Building a Better House with Concrete

What are insulating concrete forms?

ICFs are hollow “blocks” or “panels” made of plastic foam that construction crews stack into the shape of the walls of a building. The workers then fill the center with reinforced concrete to create the structure. There are over 20 brands of ICFs in North America, each with some variations in design and materials.

ICF construction sandwiches a heavy, high-strength material (reinforced concrete) between two layers of a light, high-insulation one (foam). This combination creates a wall with an unusually good combination of desirable properties: air tightness, strength, sound attenuation, insulation, and mass.

How does the home owner benefit?

Comfort. Houses built with ICF walls have a much more even temperature throughout the day and night. They have virtually no “cold spots”, and sharply fewer drafts.

Solidity. The rigidity of concrete construction reduces the flex in floors and cuts shifting and vibration from the force of the wind or the slamming of a door. Concrete houses survive high-force winds like hurricanes far better than wood homes. And when properly reinforced, they should also withstand earthquakes well.

Quietness. About one-sixth as much sound gets through an ICF wall compared with an ordinary frame wall. This sharply cuts the intrusion of noise from outside.

Energy efficiency. The superior insulation, air tightness, and mass of the walls cut the amount of energy needed for heating and cooling by 30-40%. This can save $200-300 per year in a typical home. In addition, it allows the installation of smaller heating and cooling equipment. That can reduce the initial cost of a house by over a thousand dollars.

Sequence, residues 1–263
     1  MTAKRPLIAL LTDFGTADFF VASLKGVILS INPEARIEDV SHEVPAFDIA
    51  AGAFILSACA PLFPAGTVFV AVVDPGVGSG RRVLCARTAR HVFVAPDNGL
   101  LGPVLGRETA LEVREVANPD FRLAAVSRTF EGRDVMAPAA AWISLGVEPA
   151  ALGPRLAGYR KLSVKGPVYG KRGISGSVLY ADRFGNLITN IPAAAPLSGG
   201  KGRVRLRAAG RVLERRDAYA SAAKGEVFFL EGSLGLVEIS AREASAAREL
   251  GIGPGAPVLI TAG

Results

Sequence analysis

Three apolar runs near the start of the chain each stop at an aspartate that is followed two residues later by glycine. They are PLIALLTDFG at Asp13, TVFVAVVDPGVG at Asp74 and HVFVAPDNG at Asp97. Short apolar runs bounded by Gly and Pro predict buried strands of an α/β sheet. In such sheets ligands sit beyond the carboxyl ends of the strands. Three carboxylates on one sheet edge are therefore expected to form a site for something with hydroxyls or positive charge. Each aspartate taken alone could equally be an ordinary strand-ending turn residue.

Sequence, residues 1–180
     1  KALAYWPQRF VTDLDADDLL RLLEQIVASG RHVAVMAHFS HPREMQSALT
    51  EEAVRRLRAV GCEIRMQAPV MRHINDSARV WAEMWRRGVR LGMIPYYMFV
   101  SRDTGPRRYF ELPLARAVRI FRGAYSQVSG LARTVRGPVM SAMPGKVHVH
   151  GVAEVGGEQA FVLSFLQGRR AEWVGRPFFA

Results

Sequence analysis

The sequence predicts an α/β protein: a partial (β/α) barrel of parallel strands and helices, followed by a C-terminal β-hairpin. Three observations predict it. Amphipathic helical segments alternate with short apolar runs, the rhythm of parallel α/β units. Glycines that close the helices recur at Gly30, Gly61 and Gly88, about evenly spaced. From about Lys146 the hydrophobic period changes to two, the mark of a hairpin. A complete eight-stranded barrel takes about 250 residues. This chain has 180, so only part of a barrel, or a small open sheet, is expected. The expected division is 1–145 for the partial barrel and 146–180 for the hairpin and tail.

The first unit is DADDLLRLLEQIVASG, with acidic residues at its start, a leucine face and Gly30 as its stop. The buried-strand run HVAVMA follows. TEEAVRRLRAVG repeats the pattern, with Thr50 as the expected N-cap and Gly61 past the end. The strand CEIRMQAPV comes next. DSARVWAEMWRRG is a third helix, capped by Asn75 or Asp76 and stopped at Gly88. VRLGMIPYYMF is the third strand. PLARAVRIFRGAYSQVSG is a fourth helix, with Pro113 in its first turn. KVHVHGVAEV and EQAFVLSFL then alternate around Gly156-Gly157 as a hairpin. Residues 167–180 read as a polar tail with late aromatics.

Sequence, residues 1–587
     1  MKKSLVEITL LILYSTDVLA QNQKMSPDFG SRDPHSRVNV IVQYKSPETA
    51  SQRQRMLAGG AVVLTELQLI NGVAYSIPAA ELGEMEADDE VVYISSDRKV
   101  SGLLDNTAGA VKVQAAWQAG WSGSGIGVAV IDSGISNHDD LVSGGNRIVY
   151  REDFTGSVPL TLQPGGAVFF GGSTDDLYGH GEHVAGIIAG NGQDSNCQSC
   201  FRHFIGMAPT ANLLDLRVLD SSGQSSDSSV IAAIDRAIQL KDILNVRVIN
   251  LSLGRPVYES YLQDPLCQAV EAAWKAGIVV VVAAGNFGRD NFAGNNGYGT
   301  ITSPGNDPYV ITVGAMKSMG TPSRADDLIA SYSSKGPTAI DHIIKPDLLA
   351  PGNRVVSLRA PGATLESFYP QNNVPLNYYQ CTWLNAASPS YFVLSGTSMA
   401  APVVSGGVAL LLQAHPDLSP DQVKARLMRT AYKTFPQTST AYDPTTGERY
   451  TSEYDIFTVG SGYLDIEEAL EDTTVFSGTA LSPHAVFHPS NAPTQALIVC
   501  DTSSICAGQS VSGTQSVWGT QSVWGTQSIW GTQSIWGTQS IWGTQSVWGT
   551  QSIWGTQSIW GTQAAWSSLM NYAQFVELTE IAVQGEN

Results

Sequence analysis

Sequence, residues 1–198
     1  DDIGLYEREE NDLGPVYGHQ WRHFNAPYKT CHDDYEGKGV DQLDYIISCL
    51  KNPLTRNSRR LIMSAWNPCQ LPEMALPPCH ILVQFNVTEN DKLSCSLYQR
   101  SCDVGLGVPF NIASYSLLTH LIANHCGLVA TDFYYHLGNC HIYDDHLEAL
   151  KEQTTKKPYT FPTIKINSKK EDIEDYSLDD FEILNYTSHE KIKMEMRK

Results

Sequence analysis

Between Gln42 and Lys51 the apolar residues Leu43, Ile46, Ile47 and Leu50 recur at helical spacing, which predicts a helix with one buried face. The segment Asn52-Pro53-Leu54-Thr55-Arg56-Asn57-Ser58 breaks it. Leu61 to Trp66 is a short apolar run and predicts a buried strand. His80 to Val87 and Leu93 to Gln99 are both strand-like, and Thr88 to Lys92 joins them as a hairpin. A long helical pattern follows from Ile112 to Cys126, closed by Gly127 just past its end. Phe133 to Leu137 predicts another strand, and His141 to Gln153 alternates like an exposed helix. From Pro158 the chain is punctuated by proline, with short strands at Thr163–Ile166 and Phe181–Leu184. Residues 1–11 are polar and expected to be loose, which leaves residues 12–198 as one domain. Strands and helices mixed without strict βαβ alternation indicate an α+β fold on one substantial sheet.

Design flexibility. ICF houses can be completed with almost any interior and exterior finishes and can take any shape as easily as wood frame. In fact, some interesting effects, such as curved walls and frequent corners, can be less expensive to build into an ICF home.

Do the workers have trouble learning something so new and different?
Conventional homebuilding crews adapt easily to ICF construction. Stacking blocks is intuitive for most people, and the cutting and leveling involved draw on standard carpentry skills. Most carpentry crews will have to brush up on the use of concrete, and electricians need to learn how to cut channels in the surface of the foam to house their cable. But these are not complex tasks, and there is plenty of help available.
Actually, ICF construction has big advantages for the workers. The foam is light, and power equipment moves the concrete. So crews stay fresh and sharp. In fact, the simplicity of assembly and the lightness of the work help keep labor costs below those of frame construction.
How much do ICF walls cost?
Because of low labor requirements, total construction cost is only slightly above the cost of wood frame despite the use of high-quality materials. When built by crews experienced with ICF construction, completed ICF homes cost about 0.5-4% more than they would if they had been built of frame.

Putting the numbers differently, building a house of ICFs adds approximately $0.25-3.25 per square foot to the total cost. Simply building the walls adds about $1.00-4.00. But then one can subtract off as much as $.75 in savings from smaller heating and cooling equipment.

How can I build my next house of concrete and ICFs?
The companies that make ICFs provide extensive information. Home buyers can get names of experienced nearby contractors. Builders can get product specifications, instructions, and training. Contact the ICFA at 888-864-4232. You can also search for an ICF contractor on this website beginning on the home page.

Ask all the questions and see for yourself how concrete walls with ICFs provide a superior house for a modest price.

More Information?
VanderWerf, Feige, Chammas, and Lemay, Insulating Concrete Forms for Residential Design and Construction. New York: McGraw-Hill Inc., 1997.

VanderWerf and Munsell, Insulating Concrete Forms Construction Manual. New York: McGraw-Hill Inc., 1996.

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